Blog Series: Navigating Public Cloud Compliance in Singapore

Corporate compliance and regulation aren’t exciting topics. The only press compliance gets is when its lack of adherence leads to a wide blown scandal, like what we saw with Enron in 2001. In Singapore, compliance isn’t much different. However one thing clear in Singapore is that compliance is not built to stifle growth, but rather to guide innovation.

This is evident with the Monetary Authority of Singapore (MAS), which offers guidelines to Financial Services Institutions (FSIs) looking to adopt cloud services without restricting usage. FSIs are looking to cloud solutions because the benefits and advantages are compelling – it allows for a greater level of growth and services at a much lower entry point. This past July, MAS updated their Outsourcing Guidelines for FSIs to effectively give Cloud Computing the big tick (albeit with increased controls, access and security requirements). This is great news for banks, insurance firms, investment houses, and other financial institutions in Singapore who previously avoided true cloud computing solutions based on the ambiguity around its approved usage.


In light of this, more FSIs are turning to public cloud providers to being their transformation into the cloud. However, this needs to be done carefully. The MAS have now included the cloud as another form of Outsourcing in their Outsourcing Guidelines, with other requirements by the MAS and other regulatory bodies in Singapore at play:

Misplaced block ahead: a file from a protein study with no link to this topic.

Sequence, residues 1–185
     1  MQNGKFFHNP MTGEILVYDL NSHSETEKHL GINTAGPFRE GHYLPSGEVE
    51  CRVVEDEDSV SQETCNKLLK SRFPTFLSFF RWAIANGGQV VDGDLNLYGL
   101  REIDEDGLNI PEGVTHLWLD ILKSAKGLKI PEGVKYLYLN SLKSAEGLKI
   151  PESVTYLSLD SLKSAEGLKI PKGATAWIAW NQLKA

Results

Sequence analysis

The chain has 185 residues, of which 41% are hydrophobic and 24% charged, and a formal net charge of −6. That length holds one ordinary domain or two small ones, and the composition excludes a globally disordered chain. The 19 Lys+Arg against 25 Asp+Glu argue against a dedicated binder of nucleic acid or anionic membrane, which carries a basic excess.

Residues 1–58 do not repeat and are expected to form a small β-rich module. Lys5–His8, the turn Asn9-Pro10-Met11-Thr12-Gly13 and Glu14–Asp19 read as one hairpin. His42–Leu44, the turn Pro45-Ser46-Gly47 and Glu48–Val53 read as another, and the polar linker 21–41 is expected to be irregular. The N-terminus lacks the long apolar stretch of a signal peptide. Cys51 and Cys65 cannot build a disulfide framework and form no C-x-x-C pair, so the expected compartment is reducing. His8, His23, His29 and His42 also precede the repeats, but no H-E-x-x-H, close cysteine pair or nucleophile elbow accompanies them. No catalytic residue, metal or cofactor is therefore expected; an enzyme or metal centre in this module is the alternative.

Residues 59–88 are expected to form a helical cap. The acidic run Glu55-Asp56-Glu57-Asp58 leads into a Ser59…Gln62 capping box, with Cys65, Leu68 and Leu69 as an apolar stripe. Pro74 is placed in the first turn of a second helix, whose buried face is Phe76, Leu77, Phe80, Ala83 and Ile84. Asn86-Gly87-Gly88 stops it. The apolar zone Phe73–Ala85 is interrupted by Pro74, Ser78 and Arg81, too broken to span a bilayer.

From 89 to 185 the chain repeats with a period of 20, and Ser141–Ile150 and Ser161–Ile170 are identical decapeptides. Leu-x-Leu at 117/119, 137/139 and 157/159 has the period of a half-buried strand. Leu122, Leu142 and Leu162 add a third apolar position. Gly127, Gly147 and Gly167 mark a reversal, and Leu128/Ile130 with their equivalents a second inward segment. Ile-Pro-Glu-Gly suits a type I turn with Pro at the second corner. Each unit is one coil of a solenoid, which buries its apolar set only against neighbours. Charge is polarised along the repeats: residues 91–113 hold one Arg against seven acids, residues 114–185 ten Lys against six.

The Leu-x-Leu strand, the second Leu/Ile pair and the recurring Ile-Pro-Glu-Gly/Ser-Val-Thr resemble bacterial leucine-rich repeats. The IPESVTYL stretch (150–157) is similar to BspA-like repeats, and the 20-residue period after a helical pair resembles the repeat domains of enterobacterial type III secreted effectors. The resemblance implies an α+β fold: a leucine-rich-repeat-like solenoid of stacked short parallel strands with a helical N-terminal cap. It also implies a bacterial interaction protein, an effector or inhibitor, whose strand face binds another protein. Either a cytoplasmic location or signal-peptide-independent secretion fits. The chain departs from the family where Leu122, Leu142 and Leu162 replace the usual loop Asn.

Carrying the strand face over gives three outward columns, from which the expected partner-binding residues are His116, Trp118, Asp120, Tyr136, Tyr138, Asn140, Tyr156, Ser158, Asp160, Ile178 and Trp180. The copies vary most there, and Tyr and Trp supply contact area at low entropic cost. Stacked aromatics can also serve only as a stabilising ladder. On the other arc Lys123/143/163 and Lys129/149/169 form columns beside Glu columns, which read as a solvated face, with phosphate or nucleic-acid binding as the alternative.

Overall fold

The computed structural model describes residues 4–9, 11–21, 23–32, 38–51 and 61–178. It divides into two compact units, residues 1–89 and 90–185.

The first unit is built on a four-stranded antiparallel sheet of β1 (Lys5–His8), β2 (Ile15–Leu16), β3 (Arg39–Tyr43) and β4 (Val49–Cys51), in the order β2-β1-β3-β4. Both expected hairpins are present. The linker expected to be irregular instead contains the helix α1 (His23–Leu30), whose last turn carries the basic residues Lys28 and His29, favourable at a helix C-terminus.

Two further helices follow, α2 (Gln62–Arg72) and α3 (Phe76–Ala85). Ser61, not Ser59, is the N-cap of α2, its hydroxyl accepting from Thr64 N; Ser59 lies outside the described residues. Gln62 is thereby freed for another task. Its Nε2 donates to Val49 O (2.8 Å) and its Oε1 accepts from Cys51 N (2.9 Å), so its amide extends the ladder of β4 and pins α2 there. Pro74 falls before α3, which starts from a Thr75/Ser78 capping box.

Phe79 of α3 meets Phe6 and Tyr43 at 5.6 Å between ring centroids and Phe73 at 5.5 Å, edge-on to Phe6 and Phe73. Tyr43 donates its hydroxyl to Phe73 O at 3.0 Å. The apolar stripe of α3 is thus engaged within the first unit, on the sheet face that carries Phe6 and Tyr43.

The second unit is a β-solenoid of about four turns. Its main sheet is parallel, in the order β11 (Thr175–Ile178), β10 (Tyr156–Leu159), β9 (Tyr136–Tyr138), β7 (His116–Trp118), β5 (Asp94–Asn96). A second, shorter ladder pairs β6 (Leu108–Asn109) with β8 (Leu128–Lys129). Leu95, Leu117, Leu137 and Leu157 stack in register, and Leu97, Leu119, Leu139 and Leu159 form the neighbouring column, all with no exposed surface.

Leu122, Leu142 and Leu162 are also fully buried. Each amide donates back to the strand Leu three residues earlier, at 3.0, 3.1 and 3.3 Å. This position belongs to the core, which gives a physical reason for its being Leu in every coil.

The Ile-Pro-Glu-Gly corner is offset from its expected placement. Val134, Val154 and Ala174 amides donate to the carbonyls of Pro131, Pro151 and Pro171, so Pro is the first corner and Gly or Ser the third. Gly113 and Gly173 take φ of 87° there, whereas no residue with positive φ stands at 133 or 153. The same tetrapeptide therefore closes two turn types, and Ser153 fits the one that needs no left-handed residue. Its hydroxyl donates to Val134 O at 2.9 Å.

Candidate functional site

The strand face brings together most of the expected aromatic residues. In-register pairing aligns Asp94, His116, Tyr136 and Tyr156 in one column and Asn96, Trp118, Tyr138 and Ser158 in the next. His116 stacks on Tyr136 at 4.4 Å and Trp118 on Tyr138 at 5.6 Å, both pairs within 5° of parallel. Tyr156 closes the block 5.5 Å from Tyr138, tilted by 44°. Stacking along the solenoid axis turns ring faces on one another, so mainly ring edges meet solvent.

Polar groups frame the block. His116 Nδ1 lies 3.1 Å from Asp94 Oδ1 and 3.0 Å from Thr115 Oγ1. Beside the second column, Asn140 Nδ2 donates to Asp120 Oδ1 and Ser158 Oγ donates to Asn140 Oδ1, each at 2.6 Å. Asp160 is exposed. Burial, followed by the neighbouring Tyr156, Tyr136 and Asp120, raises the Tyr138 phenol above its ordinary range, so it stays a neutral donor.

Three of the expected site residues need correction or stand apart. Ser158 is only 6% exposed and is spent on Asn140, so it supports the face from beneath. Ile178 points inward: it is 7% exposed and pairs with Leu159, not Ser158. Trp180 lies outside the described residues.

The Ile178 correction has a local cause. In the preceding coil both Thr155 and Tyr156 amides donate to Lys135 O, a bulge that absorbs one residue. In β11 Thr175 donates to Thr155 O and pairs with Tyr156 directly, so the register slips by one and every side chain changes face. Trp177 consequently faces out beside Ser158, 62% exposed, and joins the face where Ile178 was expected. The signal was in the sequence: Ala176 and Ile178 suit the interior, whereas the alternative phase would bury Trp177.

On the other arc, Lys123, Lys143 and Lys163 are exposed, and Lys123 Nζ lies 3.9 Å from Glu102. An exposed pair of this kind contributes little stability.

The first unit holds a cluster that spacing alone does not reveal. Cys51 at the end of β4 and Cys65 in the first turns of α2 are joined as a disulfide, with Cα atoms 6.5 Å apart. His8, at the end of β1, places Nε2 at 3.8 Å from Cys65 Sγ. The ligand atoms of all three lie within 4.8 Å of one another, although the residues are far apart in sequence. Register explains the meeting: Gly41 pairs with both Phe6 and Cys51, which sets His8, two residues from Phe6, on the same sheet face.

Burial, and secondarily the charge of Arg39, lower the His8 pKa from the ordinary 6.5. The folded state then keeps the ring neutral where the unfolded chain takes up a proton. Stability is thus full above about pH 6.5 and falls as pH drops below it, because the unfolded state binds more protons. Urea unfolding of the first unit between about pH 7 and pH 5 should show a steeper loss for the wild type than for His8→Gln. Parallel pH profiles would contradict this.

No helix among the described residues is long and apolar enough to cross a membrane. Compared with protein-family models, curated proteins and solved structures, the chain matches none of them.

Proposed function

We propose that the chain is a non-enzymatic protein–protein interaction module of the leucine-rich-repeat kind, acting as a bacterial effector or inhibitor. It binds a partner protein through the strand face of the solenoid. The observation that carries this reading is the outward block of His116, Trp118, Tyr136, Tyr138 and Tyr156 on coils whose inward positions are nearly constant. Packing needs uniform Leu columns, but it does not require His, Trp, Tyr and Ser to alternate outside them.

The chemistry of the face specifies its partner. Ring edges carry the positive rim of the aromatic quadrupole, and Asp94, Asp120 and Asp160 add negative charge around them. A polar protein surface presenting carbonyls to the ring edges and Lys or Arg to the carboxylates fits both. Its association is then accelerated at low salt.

Monetary Authority of Singapore (MAS) Technology Risk Management (TRM) Notice and Guidelines

  1. MAS Outsourcing Guidelines
  2. IDA Personal Data Protection Act

To take full advantage of the benefits, FSIs considering moving workloads into public cloud environments need experience in designing, managing, and migrating their IT environments. A robust set of governance and controls can be constructed to show auditors and regulators that risks are properly managed, accountability is retained, and the outsourcing to the cloud is appropriate and effective.

Datapipe has built a practice around AWS security and compliance to facilitate FSIs moving to the cloud in a manner that ensures MAS guidelines and requirements are met. This week, we launched a Controls Workbook that provides a detailed view of the most relevant regulations along with the actions an FSIs needs to take to comply and descriptions of how the products and services from Amazon Web Services and Datapipe can help with each one. In addition, we will be posting a series of blogs aimed at walking FSIs through the AWS onboarding process and infrastructure requirements that ensure compliance when moving into an AWS environment.

Upcoming blogs will discuss:

  • Singapore compliance regulations to be considered for FSIs moving into an outsourced or cloud environment for their IT.
  • What Governance and Governance requirements mean for FSIs operating in APAC.
  • Understanding types of controls and what is required for FSIs operating in APAC.
  • Vendor Compliance Competencies as laid out by the MAS’s TRM Notice and Guidelines.